Health plans

Health plans ‘fail to deliver parity’ for mental health and substance use disorder benefits

Diving brief:

  • Health plans ‘fail to deliver parity’ for mental health and substance use disorder benefits, a report of January 25 of the US Department of Labor concluded.
  • This finding is particularly troubling in the midst of a pandemic that has a documented negative impact on individuals’ mental health and leading to increased substance use, Labor Secretary Marty Walsh said in a prepared statement. “As someone in recovery, I know firsthand how important access to treatment for mental health and substance use disorders is,” he added.
  • In response to its findings, the DOL said it would take “unprecedented” action to enforce the law that requires such parity.

Overview of the dive:

The Mental Health Parity and Substance Use Equity Act of 2008 requires health plans to address mental health and substance use disorder benefits – if they offer them – from the same way as other benefits with respect to terms such as co-payment and pre-authorization requirements. “For example, a health insurance organization [covering] nutritional counseling for medical conditions such as diabetes, but not for mental health conditions such as anorexia nervosa, bulimia nervosa and binge eating disorder” fails to create parity, according to DOL .

The agency in its report said it had identified gaps in many plans and worked with them to make changes, but greater enforcement was needed. In addition to using the enforcement tools already available to the Benefits Security Administration, the enforcement subagency, the DOL has called on Congress to grant it the power to impose fines to those who break the law – a move the agency said would “encourage compliance.”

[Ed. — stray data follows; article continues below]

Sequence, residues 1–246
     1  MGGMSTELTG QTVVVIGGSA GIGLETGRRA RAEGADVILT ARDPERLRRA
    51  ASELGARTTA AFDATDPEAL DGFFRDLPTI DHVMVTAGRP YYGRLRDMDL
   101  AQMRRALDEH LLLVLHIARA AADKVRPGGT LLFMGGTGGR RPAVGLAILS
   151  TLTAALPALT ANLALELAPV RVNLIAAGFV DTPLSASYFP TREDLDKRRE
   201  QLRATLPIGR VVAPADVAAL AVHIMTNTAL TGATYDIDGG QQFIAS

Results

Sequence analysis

The DOL has also asked Congress to allow it to sue “all appropriate actors” when it finds a violation. “EBSA’s experience is that plan sponsors often rely on the issuer of fully insured plans (or [third-party administrator]in the case of self-insured plans) to administer its [mental health and substance-use disorder] benefits, including designing and implementing coverage limits and conditions that are subject to parity,” the report states, and having the power to sue all entities involved in the design and administration of the scheme would “significantly enhance” the agency’s efforts.

The DOL’s request to hold additional parties accountable is likely aimed at insurance companies, Craig Day, director of Jackson Lewis PC, told HR Dive in an interview. The agency could cover more ground this way, instead of checking employers individually.

And the agency’s demands aside, this recent focus on MHPAEA enforcement likely doesn’t pose a significant risk to most employers, especially those with fully insured plans, Day said. Those employers are unlikely to be held responsible for problems with their health insurance plans, he said.

There’s a bit more risk for self-insured employers, he continued, but penalties generally focus on correcting violations. “You could be dragged into a DOL investigation” and face headaches in that regard, he said, but the remedy would likely be limited to restating the claims in question.

For human resources professionals evaluating health plan offerings, it might be helpful to consider whether each plan complies with the MHPAEA, Day said. Employers could also ask insurance companies to indemnify them against such claims, “but the truth is that most employers have no bargaining power with insurance companies,” he said. “But if you go out and do a tender, an RFP, you might pop the question. It might be worth it.”